The Winnemem Wintu have prayed for millennia along the McCloud River, which was once a sprawling village known as Kaibai. Today, tourists go there to picnic, camp and park their powerboats. The US Forest Service subcontracts with Shasta Recreation Company to operate the campground.
The Puberty Ceremony honors the coming of age for young women from the Tribe and sets the Tribal foundation of existence. Fourteen year-old Waimem Sisk-Franco, the daughter of Winnemem leaders Caleen Sisk-Franco and Mark Franco, by tradition should undergo the ceremony this July. The ceremony is planned in correspondence with lunar and seasonal cycles and lasts four days. It consists of the young woman camping on one side of the river for three nights, learning from older women who visit her there, grinding herbs and medicines at a sacred rock, known as Puberty Rock. On the fourth day, when the moon is full, the fourteen year-old swims across the river and joins tribal dancers as a full-fledged woman.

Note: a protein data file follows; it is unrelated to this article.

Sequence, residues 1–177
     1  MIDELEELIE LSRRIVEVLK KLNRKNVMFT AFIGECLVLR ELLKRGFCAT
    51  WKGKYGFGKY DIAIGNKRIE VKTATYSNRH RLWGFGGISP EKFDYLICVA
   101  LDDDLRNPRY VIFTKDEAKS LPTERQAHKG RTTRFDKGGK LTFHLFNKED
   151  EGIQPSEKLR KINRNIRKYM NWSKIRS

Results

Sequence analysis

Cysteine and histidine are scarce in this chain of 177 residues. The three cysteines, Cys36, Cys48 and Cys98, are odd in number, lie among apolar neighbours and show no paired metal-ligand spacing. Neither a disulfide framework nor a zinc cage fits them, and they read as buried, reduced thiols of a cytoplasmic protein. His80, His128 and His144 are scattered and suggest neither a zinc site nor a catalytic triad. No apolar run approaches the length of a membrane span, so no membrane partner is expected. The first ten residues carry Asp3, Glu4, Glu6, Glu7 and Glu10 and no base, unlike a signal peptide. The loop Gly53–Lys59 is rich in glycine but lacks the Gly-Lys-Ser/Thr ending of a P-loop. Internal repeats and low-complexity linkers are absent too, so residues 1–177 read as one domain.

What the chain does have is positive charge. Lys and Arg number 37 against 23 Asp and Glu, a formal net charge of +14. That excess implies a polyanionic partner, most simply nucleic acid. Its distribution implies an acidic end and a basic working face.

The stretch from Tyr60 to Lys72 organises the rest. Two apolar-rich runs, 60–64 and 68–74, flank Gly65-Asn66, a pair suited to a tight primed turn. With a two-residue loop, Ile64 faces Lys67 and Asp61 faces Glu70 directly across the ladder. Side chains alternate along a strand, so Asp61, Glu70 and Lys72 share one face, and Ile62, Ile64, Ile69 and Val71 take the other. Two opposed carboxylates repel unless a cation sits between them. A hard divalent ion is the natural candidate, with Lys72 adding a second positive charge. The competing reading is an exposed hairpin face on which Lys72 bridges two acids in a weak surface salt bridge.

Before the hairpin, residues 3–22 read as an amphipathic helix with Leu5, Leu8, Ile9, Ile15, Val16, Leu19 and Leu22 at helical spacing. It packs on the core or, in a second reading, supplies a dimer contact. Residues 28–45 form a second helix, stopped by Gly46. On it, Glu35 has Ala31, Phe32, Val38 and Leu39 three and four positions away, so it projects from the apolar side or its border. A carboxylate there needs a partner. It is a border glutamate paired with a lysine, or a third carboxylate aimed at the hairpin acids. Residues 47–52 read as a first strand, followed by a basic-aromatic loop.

The Winnemem Wintu Tribe has been planning a coming of age ceremony at a campground along a section of the McCloud River, which is owned by the US Forest Service. The Tribe needs to use the campground privately for four days, but the government has effectively stopped the ceremony by refusing to waive campground fees and close a 200 yard section of the river.
US Forest Service Refuses to Protect Winnemem Wintu’s Religious Freedoms
According to the Shasta Recreation Company, the Winnemem Wintu should pay $1000 dollars out of their own pockets so the company can make a profit off the Tribe’s use of the site. The US Forest Service has decided to uphold the contractual rights of the vendor over the Tribe’s religious right to access the sacred site.